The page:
Magazines 2016 Sep - Oct What we might not know about the Amazon

What we might not know about the Amazon

22 September 2016 By Kevin McKay

The Amazon basin, also known as the Green Window, is the hidden home to thousands of indigenous tribes and communities. The people there live in what could be deemed primitive conditions and extreme levels of poverty, often struggling for survival.

The Amazon basin, also known as the Green Window, is the hidden home to thousands of indigenous tribes and communities.  The people there live in what could be deemed primitive conditions and extreme levels of poverty, often struggling for survival.

pi-canada-marcio-garcia-interacts-with-local-villagerThe Green Window has also become home to riverside communities of Portuguese-speaking peoples living in similar conditions to the hidden indigenous tribes. Though they share the same obstacles to development, these Brazilian communities are often marginalized and have become vulnerable because they are not recognized and protected by the government.

Indigenous tribes do not self identify as Brazilians. They are usually hostile to outsiders and have their own unique culture and way of life. In recent years they have faced great risk from exposure to the darker elements of modern society. Drugs, alcohol and various other vices have reached these communities. The Brazilian government has wisely recognized the need to protect their culture and has developed certain rights and protections allowing local tribes a slightly better opportunity to avoid exploitation.

The Portuguese-speaking communities face many of the same struggles of the indigenous tribes. Marginalized and often forgotten, these communities face high levels of alcoholism, drug abuse, sexual exploitation and infant mortality. Local leader, Marcio Garcia, who has led one of Brazil’s largest missionary movements for over thirty years states, “The people in these communities live simple lives. They make their living out of what they can extract from the rivers and forest, producing barely enough for survival.”

Reliance on the provision of the waters for survival has resulted in difficult and challenging lives full of suffering because of the broad and pervasive effects of poverty. A Christian worker serving the region shared a story that conveys the struggles these villages face. “While I was attending a local church service, I saw a tourist boat come up the river and stop in the village. As the boat docked, a father came into the church service and tapped his daughter on the shoulder and they abruptly left the church service. I was confused and I asked the local villagers what was going on. I was saddened to learn the heartbreaking story that boats of tourists had brought prostitution to this community and that it was common among similar unprotected and vulnerable riverside communities. The villagers told me that many locals viewed it as their only means to survive.”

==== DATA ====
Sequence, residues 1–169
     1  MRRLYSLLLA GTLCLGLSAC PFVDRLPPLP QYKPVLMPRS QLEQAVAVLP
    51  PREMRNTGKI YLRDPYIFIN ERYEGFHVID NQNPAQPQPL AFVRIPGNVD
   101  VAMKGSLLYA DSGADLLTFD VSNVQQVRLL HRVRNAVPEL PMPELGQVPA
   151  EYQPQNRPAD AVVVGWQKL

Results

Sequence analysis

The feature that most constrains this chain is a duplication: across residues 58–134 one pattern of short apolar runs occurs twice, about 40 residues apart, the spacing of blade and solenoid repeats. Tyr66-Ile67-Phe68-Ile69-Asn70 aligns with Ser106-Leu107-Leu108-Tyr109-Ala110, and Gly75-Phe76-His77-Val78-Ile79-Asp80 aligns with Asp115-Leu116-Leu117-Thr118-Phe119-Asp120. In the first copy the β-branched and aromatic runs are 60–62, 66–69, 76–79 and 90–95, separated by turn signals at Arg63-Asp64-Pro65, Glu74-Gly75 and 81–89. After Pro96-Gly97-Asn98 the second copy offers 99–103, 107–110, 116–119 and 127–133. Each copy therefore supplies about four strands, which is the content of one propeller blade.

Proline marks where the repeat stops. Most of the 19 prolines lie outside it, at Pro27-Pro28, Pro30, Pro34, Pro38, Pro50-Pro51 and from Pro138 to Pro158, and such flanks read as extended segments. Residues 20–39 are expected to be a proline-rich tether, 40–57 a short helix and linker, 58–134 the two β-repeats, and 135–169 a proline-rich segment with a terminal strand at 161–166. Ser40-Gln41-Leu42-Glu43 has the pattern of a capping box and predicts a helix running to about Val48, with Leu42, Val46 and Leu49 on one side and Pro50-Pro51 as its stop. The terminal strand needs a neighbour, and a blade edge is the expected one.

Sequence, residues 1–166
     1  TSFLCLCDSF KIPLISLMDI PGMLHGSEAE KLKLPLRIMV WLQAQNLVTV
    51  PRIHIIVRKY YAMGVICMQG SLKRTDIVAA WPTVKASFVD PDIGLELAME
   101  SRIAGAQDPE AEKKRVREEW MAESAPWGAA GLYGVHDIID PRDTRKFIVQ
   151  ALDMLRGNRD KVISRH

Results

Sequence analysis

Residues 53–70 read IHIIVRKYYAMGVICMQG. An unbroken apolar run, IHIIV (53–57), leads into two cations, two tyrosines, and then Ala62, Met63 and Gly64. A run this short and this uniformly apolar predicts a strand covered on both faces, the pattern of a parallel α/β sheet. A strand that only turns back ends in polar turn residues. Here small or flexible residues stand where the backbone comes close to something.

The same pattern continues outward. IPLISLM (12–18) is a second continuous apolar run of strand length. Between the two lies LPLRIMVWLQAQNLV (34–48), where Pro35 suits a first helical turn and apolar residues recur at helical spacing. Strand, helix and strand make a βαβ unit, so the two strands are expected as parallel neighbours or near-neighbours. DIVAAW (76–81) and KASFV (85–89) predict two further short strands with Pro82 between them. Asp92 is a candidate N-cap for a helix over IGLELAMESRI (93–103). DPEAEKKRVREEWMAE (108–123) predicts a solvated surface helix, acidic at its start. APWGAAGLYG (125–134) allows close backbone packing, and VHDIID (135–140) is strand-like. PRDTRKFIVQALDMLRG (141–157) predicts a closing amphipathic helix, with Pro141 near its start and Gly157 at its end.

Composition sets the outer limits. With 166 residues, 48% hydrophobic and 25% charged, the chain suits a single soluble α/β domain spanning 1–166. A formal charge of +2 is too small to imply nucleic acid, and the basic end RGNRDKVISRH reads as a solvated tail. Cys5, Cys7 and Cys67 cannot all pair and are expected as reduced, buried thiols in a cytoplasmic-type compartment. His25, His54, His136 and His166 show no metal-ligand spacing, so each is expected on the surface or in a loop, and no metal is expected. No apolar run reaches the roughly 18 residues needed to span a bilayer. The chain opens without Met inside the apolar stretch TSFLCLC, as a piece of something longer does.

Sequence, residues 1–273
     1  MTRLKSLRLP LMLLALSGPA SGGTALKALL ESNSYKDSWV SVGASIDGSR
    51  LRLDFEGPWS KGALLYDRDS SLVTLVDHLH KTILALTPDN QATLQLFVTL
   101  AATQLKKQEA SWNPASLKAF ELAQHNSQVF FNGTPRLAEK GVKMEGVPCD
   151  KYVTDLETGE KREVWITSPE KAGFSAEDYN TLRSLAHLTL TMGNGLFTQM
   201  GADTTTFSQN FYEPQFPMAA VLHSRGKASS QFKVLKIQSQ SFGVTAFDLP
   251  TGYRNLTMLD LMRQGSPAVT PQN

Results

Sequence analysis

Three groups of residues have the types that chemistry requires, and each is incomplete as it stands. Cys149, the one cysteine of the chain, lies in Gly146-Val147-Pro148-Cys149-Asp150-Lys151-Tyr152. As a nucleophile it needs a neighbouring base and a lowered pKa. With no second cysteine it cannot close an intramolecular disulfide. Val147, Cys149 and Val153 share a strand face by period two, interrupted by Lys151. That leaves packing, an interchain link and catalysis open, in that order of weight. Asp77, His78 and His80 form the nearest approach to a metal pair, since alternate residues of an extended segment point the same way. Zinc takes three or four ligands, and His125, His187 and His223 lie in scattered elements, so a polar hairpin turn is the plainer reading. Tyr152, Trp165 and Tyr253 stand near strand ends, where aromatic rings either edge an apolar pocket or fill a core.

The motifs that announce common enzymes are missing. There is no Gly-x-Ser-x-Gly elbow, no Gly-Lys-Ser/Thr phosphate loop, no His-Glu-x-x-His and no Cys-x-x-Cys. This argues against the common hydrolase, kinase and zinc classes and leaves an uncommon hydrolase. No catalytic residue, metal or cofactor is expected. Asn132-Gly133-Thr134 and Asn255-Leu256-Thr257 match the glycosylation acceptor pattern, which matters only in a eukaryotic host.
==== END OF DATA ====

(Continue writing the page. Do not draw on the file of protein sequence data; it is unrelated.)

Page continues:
These devastating stories are common throughout the Purus river region. Isolated from the rest of Brazil and without hope, villagers sadly have become accessible targets for abuse. Marcio Garcia’s locally-led ministry in partnership with Partners International has recognized their great need and is now preparing to bring the transformative power of the gospel to the region. The Evangelical Mission for Assistance to Fishermen (EMAF) is working to reach over 1000 unreached villages along the Purus River. Through their extensive network of national workers, EMAF is working to restore broken economic, social and spiritual relationships by providing medical and dental clinics, education and the great hope the gospel reveals.

Oscar Oliveira, a national worker serving in the Green Window shares about the transforming power the gospel has on individual lives, specifically of one woman named Azeníades “Zeni, as we lovingly call her, was a sad and unhappy woman. Her husband used to hit her and the children and said that he wanted to kill them. He even reached the point of trying to burn their little hut, with everyone inside.

I met Zeni when I knocked on the door of her hut and tried to rescue her and tell her of the love of Jesus and the new life He would give her.

In the days following our first meeting I could not sleep in peace, thinking of the miserable life that Zeni was living. Touched by God, I went in search of people who would like to help her. Zeni gave her life to Christ. Her husband was expelled from the village by the people of the community, who were indignant about the abuse that he practiced against his family. Some months passed and we worked, joining forces with others to give Zeni her new house.

In the place of sadness, joy took over her life. Zeni was only smiles, a smile that came from the soul. Now she has a new house, but best of all, she has a new life with Jesus. She has new objectives in life and more dignity.”

For the first time the people of the Purus River are coming to understand that there is a loving God who sees them and cares deeply about each and every one of them. Forgotten for so long, they are now experiencing a love so great. It is a holistic transformation that is the beginning of an incredible awakening inside of the Amazon.

Marcio Garcia, will be speaking on Partners International’s Hope in Action | Amazon Awakening tour this fall.

Kevin McKay is president of Partners International Canada, an affiliate of the EFC (publisher of Faith Today).